Author: Nina Kossman
ODE TO LAZINESS
O laziness, I sing of thee!
How I wish I could be yours,
from early morn till late at night!
Yours totally, o laziness,
so I would not have to do the things I hate,
so I would never have to get up early,
never get dressed while I’m still asleep,
never drink coffee in a hurry, never rush to work,
never wait for lunch the way believers wait for God,
never hurry back home and go back to sleep,
because sleep is what I love the most,
o laziness, I sing of thee!
* * *
“Not by bread alone!” he said
And lived on nothing but air.
“Not by flesh alone!” he said.
And the flesh obeyed.
“Not by filthy lucre alone!” he said.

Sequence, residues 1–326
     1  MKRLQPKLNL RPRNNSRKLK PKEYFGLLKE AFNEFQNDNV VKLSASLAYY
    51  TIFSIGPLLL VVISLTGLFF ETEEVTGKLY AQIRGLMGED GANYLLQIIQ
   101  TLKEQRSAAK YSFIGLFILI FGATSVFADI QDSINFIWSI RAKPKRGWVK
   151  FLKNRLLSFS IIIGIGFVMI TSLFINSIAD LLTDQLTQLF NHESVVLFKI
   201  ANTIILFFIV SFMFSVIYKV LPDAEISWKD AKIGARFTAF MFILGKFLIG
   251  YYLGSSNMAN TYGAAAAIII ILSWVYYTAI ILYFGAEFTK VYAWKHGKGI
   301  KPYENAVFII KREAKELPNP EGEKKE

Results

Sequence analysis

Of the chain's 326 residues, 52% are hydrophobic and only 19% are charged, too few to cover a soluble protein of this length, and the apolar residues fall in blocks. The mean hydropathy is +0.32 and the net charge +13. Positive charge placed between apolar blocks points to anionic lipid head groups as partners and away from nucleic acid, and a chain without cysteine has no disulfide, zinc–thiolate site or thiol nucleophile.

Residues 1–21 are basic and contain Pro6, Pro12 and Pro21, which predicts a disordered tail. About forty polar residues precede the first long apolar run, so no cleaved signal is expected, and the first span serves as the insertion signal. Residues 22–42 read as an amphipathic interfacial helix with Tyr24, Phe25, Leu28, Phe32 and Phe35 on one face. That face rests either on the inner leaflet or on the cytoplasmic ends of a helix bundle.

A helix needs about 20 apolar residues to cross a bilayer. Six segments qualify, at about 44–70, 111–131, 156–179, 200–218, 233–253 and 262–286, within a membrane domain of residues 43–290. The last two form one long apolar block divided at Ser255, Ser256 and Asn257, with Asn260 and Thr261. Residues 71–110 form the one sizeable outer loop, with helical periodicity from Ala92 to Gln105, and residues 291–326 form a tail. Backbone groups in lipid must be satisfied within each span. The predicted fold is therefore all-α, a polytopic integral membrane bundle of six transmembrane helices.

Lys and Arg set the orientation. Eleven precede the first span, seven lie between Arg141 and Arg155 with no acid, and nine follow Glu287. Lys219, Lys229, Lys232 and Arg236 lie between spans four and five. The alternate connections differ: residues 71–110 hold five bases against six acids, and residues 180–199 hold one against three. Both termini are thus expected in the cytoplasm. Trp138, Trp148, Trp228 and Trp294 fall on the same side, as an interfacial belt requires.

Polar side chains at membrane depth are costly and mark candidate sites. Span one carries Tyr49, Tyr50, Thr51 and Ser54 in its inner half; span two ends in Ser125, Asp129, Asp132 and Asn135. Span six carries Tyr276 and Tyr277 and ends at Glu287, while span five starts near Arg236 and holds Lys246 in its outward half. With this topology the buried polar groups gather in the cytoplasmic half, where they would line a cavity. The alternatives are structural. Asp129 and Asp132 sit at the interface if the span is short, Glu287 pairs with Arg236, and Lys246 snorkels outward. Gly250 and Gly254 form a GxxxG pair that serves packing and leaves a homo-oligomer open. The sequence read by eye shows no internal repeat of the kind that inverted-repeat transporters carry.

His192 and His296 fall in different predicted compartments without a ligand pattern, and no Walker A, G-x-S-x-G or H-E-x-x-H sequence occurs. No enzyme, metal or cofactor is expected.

And billions flowed into his hand.
“Not by coal and oil alone!” he said.
And every home was heated by solar.
“Not by faith alone!” he said.
And we all became atheists.
“Not by a rejection of faith!”
And we all became wind.
* * *
A free man rose and said:
I am free and yet I am nothing.
A slave rose and said:
I am a slave and I want to be free.
A child said quietly: I want to be big.
And only an old man said nothing.
A politician said: I will make our country great!
And the people rose to follow him.
The word “great” meant to each his own:
the freeman wanted to be something;
the slave imagined himself finally free;
the child imagined himself all grown up,
only the old man imagined nothing —
he had heard so many promises
that the word “great” had no meaning for him,
except “an illusion,” “vanity,” and “a lie”.
But instead of explaining this
to the free man, the slave, and the child,
who yearned for what they could not have,
the old man thought, Why bother?
If it’s their time to be fooled by words.
and if that’s what they want, let them.